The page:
Sports book director to resign

Instead of planning a summer vacation, and relaxing before another busy football season, Robert Walker is doing something drastically different this year.

Walker said he is resigning as MGM Mirage sports book director, effective in June, because he wants to spend more time with family.

“I love the job. We get paid to watch sporting events. It’s Disneyland for adults,” Walker said. “It’s hard to walk away.

“I struggled with the decision. It’s been fun to come to work every day. There’s going to be some separation anxiety.”

Walker has operated the Mirage sports book since October 1996. He oversees many of the highest-profile books on the Strip and has been a pillar of the race and sports industry in Las Vegas for two decades.

He said he expects to leave his position next month, probably after the NBA Finals.

MGM Mirage has not named his successor, though several candidates have interviewed.

Walker will be moving to his hometown of Pasco, Wash., with his 14-year-old daughter, Lindsay. He said he prefers his daughter be close to his parents and extended family when she enters high school.

“That’s 100 percent it right there. I know people are going to think more,” he said. “It’s best for my family at this time. There’s nothing more to the story.

“The reality is, if I didn’t do it, I’ll regret not spending these four years with her, and that’s the bottom line. You never get these four years back. That’s the sole reason.”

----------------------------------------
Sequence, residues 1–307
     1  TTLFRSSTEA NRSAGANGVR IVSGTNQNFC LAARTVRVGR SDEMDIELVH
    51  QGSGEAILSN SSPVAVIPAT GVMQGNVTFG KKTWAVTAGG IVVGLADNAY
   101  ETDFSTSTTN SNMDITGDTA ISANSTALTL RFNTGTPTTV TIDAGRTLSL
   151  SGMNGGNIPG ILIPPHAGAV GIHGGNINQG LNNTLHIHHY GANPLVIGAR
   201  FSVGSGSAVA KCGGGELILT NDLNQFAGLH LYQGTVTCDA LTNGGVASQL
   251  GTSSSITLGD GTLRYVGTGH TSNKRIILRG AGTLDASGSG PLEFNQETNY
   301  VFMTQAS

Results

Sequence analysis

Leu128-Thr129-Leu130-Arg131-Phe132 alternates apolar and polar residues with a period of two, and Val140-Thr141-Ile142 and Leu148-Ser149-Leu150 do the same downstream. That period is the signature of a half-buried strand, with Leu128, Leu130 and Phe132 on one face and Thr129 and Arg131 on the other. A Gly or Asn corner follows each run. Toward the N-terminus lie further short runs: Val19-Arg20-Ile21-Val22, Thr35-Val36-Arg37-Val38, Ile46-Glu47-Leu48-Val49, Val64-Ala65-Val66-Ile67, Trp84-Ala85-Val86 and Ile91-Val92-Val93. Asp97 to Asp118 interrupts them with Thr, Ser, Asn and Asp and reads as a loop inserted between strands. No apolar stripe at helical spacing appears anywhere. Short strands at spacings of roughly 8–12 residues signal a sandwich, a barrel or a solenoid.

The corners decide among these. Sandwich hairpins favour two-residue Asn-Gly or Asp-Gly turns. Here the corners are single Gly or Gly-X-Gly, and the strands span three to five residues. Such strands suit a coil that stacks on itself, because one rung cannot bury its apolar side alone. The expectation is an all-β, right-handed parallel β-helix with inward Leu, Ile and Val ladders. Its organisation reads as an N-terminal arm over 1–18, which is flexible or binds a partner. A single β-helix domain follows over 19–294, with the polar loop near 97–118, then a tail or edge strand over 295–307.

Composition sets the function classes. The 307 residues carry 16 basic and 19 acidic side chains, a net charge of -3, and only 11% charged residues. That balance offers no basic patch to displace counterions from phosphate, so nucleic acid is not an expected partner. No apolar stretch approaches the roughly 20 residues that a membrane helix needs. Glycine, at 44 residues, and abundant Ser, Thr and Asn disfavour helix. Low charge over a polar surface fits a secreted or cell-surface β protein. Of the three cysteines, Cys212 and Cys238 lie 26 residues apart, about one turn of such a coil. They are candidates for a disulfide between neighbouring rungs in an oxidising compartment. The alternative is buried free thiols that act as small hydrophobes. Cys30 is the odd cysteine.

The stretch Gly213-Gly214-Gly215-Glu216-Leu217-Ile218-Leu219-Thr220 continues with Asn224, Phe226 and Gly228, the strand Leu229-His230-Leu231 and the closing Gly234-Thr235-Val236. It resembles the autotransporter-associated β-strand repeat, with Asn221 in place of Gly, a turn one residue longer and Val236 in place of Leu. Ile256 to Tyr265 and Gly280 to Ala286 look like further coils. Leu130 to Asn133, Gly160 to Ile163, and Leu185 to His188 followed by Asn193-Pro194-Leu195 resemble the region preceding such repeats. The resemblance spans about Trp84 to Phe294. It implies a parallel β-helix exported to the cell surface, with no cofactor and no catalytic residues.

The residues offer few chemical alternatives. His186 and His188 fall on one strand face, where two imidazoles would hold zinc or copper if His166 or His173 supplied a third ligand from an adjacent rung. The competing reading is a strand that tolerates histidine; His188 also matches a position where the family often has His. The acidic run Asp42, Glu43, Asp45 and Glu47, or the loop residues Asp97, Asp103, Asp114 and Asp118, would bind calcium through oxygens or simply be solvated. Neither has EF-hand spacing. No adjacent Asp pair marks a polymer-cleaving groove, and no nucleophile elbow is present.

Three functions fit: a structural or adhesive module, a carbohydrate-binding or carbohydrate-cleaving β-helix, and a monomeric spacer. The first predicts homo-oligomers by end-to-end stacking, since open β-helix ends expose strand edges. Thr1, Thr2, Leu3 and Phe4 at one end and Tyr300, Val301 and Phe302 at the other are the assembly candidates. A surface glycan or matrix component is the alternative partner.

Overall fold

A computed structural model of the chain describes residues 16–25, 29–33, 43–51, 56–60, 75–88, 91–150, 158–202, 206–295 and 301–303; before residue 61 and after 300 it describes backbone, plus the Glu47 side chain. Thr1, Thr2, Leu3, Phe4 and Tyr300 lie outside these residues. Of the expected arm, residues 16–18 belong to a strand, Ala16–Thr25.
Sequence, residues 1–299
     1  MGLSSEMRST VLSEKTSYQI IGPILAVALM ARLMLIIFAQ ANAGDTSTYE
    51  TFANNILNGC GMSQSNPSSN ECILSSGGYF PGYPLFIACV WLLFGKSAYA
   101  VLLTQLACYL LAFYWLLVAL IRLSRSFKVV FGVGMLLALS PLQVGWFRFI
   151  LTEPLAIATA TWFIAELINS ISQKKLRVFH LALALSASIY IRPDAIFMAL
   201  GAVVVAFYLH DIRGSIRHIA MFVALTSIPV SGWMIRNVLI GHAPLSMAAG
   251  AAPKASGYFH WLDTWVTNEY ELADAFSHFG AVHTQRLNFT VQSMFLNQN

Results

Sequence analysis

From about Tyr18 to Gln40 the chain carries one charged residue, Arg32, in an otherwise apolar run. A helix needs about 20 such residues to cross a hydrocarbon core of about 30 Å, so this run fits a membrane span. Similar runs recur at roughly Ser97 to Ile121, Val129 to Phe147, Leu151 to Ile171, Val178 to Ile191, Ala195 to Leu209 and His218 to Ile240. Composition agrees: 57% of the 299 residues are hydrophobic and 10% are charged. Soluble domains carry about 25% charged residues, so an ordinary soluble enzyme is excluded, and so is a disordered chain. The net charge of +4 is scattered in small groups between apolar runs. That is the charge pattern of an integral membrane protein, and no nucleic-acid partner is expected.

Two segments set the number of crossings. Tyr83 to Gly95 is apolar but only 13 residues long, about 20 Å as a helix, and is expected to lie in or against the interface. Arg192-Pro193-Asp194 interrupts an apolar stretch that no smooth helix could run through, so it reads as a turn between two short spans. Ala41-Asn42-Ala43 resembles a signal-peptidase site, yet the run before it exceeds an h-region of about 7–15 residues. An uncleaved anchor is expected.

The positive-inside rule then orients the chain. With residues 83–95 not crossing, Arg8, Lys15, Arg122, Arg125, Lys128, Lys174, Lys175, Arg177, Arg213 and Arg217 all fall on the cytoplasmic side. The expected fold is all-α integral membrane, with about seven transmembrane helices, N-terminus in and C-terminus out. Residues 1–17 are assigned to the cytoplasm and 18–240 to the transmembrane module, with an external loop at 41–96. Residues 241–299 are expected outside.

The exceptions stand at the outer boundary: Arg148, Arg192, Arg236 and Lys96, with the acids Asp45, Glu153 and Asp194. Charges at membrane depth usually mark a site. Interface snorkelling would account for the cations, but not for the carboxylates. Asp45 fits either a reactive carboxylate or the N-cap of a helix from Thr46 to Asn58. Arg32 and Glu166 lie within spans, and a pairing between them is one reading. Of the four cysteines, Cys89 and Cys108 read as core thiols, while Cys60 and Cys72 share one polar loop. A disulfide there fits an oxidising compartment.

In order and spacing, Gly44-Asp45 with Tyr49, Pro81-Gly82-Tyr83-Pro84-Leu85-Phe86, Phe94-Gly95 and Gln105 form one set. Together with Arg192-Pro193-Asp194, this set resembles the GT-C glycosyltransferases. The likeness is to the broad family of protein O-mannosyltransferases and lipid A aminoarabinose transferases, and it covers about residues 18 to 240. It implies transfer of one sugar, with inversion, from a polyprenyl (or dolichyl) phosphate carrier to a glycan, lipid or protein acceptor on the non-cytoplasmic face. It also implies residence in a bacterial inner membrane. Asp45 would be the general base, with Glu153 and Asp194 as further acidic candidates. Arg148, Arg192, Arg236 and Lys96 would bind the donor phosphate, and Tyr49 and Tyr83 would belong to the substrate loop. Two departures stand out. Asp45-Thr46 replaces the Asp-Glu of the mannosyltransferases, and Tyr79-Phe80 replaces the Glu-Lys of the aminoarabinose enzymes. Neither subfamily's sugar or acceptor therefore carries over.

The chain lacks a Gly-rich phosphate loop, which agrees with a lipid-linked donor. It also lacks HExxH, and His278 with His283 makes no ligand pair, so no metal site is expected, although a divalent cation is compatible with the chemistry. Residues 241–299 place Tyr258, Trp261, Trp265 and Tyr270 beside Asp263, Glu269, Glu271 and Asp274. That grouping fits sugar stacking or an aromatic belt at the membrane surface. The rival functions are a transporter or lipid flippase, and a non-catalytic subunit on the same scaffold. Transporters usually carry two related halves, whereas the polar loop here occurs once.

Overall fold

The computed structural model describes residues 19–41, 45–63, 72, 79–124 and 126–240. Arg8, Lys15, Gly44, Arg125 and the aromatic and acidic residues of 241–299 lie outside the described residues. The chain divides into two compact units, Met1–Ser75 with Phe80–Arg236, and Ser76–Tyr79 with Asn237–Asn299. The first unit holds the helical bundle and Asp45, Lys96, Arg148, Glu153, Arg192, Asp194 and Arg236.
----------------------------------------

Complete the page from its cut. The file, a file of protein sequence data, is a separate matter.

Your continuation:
Walker’s ex-wife, Sandy, died of lung cancer 31/2 years ago. “Being a single father, it’s a full-time job,” he said. “The last few years have really been taxing.”

Walker said he has no immediate plans to work but might consider a career in politics “a few years down the road.”

He broke into the business at the Fremont sports book in 1986, spent three years at Sam’s Town and was the Stardust sports book director from 1991 to 1996.

Walker said his political views are “very liberal.” But as a sports book director working for a major corporation, he has been criticized at times for being conservative and unwilling to meet the demands of some professional bettors.

“I know this job comes with criticisms, and you need to have a little bit of thick skin to do it,” he said. “We try to control the professional players with (wagering) limits. There are several professional players who bet at the MGM Mirage. I think you can be friendly with the pros, but you can’t be friends.”

Contact reporter Matt Youmans at or 702-387-2907.

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